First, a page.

Generally, most tax issues are presented in the United States Tax Court because it is a prepayment forum, meaning that taxpayers can initiate a tax case before paying the tax liability. A case generally begins after the taxpayer has received a Notice of Deficiency from the IRS and the taxpayer petitions the court. Taxpayers must do so within 90 days (150 days if the taxpayer is not a resident of the U.S.) of the IRS mailing date on the deficiency notice. The court may also hear cases primarily involving collection actions (liens and levies) and IRS denials of taxpayer requests for innocent spouse relief, offers in compromise, penalty abatements or other collection alternatives. These cases can be commenced after the taxpayer has exhausted all IRS Appeal rights and has received a Notice of Determination.
Unlike other forums, Tax Court judges have special expertise in federal tax laws and are employed to interpret tax laws and regulations to ensure that taxpayers are taxed fairly by the IRS. Trials are conducted before one judge and without a jury.
Often, U.S. Tax Court cases are settled by mutual agreement between the taxpayer and the IRS Appeals Officer or IRS attorneys prior to trial. If a trial is conducted, the judge will issue a report setting forth both findings of fact and an opinion. Decisions of the Tax Court can be appealed to the United States Court of Appeals so long as the case is not designated by the taxpayer to be a small Tax Court case.
United States District Court
Unlike the U.S. Tax Court, the U.S. District Court is not a prepayment forum, meaning that taxpayers must first pay the disputed amount and then request a refund from the IRS. After receiving a denial of the taxpayer’s refund request and exhausting IRS administrative remedies, the taxpayer can then file a suit in the U.S. District Court. Unlike the U.S. Tax Court, taxpayers are then entitled to a jury trial. While there is no minimum amount of disputed tax to file suit in the U.S. District Court, the cost and complexity of a federal District Court often limit U.S. District Court tax actions to large cases.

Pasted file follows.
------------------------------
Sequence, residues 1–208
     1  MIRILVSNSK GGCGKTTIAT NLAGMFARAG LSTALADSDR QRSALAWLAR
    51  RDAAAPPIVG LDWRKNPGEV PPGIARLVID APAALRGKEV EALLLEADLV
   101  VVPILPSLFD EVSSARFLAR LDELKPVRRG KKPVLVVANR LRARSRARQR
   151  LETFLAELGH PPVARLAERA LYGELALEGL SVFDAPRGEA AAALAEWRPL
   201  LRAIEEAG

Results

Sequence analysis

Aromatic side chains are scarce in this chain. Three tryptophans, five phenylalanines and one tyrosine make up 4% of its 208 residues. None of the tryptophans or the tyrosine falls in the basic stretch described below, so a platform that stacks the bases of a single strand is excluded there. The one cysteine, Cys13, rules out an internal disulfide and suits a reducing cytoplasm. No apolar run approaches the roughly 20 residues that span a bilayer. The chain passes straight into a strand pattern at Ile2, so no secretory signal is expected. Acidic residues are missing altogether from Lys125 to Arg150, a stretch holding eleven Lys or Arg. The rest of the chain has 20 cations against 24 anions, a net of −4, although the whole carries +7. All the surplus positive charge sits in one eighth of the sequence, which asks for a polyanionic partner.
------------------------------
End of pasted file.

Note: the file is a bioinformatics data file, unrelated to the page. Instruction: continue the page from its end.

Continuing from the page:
United States Bankruptcy Court
The remedies available to a taxpayer in Bankruptcy Court vary depending on whether the taxpayer’s case is a Chapter 7, Chapter 11 or Chapter 13 case. Courts can, however, decide a number of disputes between the IRS and the taxpayer. More specifically, the courts often determine the amount or validity of a deficiency claim or tax liens, and the taxpayer’s right to a discharge of tax liabilities asserted by the IRS. As with the U.S. Tax Court, actions in the Bankruptcy Court can commence prior to making payment of the liability.
We welcome you to contact the tax attorneys at JEFFREY BURR with regard to a tax litigation matter. With Nevada offices in Las Vegas and Henderson, we serve clients throughout the State, as well as those located throughout the country.